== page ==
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Gassing as means of euthanasia will no longer be used in Bulloch
jeff akins
Jeff Akins - photo by Herald File
Gassing by carbon monoxide as a means of euthanasia will now only be used in extreme cases at the Statesboro-Bulloch County Animal Shelter, said Bulloch County staff attorney Jeff Akins.
    After a called meeting of the Bulloch County Commission Monday, county leaders decided to come into compliance with Georgia law despite having said earlier the county may fall under an exemption.
    An exemption to the law stating cats and dogs must be euthanized by injection of sodium pentobarbitol is that if animals are a danger to handlers, they may be gassed. However, an attorney representing People for the Ethical Treatment of Animals and others claim the county does not fall under that exemption.
    Akins said earlier the shelter would continue to use the gas chamber until the Georgia Department of Agriculture ordered otherwise.
    Walter H. Bush, with the law firm of Shiff Hardin LLP, filed an injunction against the state department of agriculture and Agriculture Commissioner Tommy Irvin last month. A judge supported the injunction that stopped Irvin from issuing licenses to shelters using the carbon monoxide method of euthanasia.
    Bush sent a "cease and desist" letter to Akins and Bulloch County Humane Enforcement Officer Joey Sanders last week stating they would file further charges against the county unless the county switched over to euthanasia by injection.
    Akins sent Bush a letter of response Tuesday stating the shelter will make the change from using a gas chamber to injection with exception of cases where an individual animal is a danger to handlers if euthanized by injection.
    In his letter, Akins points out that the gas chamber has been ruled a humane method of euthanasia by veterinary professionals.
    "... the 2000 report of the AVMA (American Veterinary Medical Association) Panel on Euthanasia identifies carbon monoxide as an acceptable method of euthanasia for dogs, cats and other small mammals when used in accordance with the criteria stated in the report."
    The shelter "has always used the chamber in accordance with the criteria set forth in the AVMA report."
    However, "in view of the ... order entered in the case pending in the Superior Court of Fulton County, the shelter intends to take prompt steps to transition to the use of sodium pentobarbitol or a derivative thereof for routine euthanasia of dogs and cats."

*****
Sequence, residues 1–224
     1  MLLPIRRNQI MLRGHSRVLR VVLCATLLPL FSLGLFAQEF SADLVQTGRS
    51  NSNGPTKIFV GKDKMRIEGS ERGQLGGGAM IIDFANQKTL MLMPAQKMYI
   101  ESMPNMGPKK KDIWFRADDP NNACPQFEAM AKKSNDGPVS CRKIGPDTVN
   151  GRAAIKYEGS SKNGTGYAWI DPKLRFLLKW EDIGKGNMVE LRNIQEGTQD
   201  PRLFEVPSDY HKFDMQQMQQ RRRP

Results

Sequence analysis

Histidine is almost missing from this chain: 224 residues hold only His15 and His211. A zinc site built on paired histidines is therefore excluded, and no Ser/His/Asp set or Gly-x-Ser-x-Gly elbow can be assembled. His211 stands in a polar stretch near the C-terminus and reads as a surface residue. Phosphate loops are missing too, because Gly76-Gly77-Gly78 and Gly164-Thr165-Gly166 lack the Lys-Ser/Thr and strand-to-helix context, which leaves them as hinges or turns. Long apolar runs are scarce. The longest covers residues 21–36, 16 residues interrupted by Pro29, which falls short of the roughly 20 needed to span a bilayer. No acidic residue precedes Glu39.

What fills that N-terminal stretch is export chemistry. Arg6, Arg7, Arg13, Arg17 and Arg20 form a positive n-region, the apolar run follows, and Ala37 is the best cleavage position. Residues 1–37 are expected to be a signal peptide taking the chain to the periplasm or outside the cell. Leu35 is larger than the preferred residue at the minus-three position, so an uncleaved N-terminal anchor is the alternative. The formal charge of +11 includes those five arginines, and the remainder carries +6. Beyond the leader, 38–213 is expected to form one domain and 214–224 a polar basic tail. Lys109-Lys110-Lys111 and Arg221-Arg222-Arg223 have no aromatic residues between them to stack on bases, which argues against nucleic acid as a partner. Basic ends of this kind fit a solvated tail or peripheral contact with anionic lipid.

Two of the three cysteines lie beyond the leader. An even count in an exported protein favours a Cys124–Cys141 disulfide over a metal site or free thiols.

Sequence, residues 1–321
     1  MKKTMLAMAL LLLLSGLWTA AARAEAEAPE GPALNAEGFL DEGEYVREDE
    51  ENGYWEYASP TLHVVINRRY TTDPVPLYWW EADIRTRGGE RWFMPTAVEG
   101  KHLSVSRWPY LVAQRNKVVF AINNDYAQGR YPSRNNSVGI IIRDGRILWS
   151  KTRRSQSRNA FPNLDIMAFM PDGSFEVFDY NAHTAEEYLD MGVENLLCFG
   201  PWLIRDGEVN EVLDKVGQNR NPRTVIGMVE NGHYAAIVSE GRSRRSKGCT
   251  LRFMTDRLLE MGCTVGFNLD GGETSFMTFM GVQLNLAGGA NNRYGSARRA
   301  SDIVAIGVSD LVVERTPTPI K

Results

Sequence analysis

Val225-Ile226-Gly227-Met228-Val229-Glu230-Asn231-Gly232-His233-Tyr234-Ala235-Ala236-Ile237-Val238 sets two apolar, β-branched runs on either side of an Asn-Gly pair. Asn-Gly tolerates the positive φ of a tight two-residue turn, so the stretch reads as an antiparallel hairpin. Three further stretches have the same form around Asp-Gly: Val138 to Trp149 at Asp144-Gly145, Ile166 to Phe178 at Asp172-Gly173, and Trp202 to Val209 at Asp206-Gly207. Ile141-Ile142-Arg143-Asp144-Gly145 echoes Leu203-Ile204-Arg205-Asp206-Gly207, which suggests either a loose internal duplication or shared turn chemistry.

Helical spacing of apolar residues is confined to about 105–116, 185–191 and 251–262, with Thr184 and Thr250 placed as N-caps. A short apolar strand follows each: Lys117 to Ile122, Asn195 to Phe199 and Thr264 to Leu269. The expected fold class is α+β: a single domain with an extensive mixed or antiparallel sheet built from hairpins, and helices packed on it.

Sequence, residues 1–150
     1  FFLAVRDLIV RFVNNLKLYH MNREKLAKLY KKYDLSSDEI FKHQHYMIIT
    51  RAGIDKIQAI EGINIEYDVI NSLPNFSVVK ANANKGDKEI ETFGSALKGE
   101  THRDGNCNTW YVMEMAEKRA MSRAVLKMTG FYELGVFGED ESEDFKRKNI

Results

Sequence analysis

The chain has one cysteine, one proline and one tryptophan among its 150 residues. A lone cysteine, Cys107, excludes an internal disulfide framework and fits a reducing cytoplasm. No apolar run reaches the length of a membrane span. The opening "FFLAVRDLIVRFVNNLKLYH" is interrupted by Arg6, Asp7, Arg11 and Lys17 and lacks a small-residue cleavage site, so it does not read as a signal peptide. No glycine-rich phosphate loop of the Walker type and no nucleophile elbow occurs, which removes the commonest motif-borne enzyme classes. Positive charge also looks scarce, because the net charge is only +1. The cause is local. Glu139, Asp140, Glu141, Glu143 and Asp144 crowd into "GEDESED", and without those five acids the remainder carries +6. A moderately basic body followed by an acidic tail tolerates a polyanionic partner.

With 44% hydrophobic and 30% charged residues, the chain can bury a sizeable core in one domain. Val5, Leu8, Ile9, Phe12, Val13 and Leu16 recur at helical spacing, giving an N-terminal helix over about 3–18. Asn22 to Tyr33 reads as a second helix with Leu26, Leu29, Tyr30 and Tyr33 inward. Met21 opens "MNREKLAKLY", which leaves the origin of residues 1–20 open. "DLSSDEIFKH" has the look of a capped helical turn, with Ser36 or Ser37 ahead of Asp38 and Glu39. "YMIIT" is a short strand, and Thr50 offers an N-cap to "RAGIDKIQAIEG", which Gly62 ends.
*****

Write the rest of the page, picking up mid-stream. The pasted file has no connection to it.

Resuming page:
After consulting with a local veterinarian, the shelter will complete the transition within 60 days, he said.
    The change over to euthanasia by injection will be more costly, and will require "much more supervision and involvement by a licensed veterinarian," Akins said Tuesday. "You are using a scheduled drug and ( a licensed veterinarian) has to be responsible for that."
    There will also be additional training for shelter personnel, as euthanasia has been performed by the gas chamber since 1999.
    Akins, Sanders and local veterinarians, including Dr. Stan Lee, have said that euthanasia by carbon monoxide is more humane for animals that are feral, not used to being handled, or are stressed or frightened due to having to be restrained for lethal injection.
    It is also safer and less stressful for animals that could fight and cause injury to handlers    to be euthanized by gas, Akins said.
    In a situation where there is a danger of someone being injured, the gas chamber will be used, he said.
    In his letter to Bush, Akins wrote: "... the shelter will continue to use the chamber as a humane method of euthanasia on a limited basis as authorized by O. C. G. A. (Official Code of Georgia Annotated) 4-11-5.2 (c), which as you know provides in pertinent part that 'in cases of extraordinary circumstances where the dog or cat poses an extreme danger to the veterinarian, physician, or lay person performing euthanasia, such persons shall be allowed the use of any other substance or procedure that is humane to perform euthanasia on such dangerous dog or cat.'"
    Akins said "the trained professional staff of the shelter will determine on a case-by-case basis whether a particular dog or cat poses an extreme risk or danger such that the exception  (to the law) is applicable."
    The Statesboro-Bulloch County Animal Shelter euthanizes several animals weekly, and a large percentage of animals taken in from humane enforcement and animal control officers are feral and not used to being handled by humans, Sanders said.
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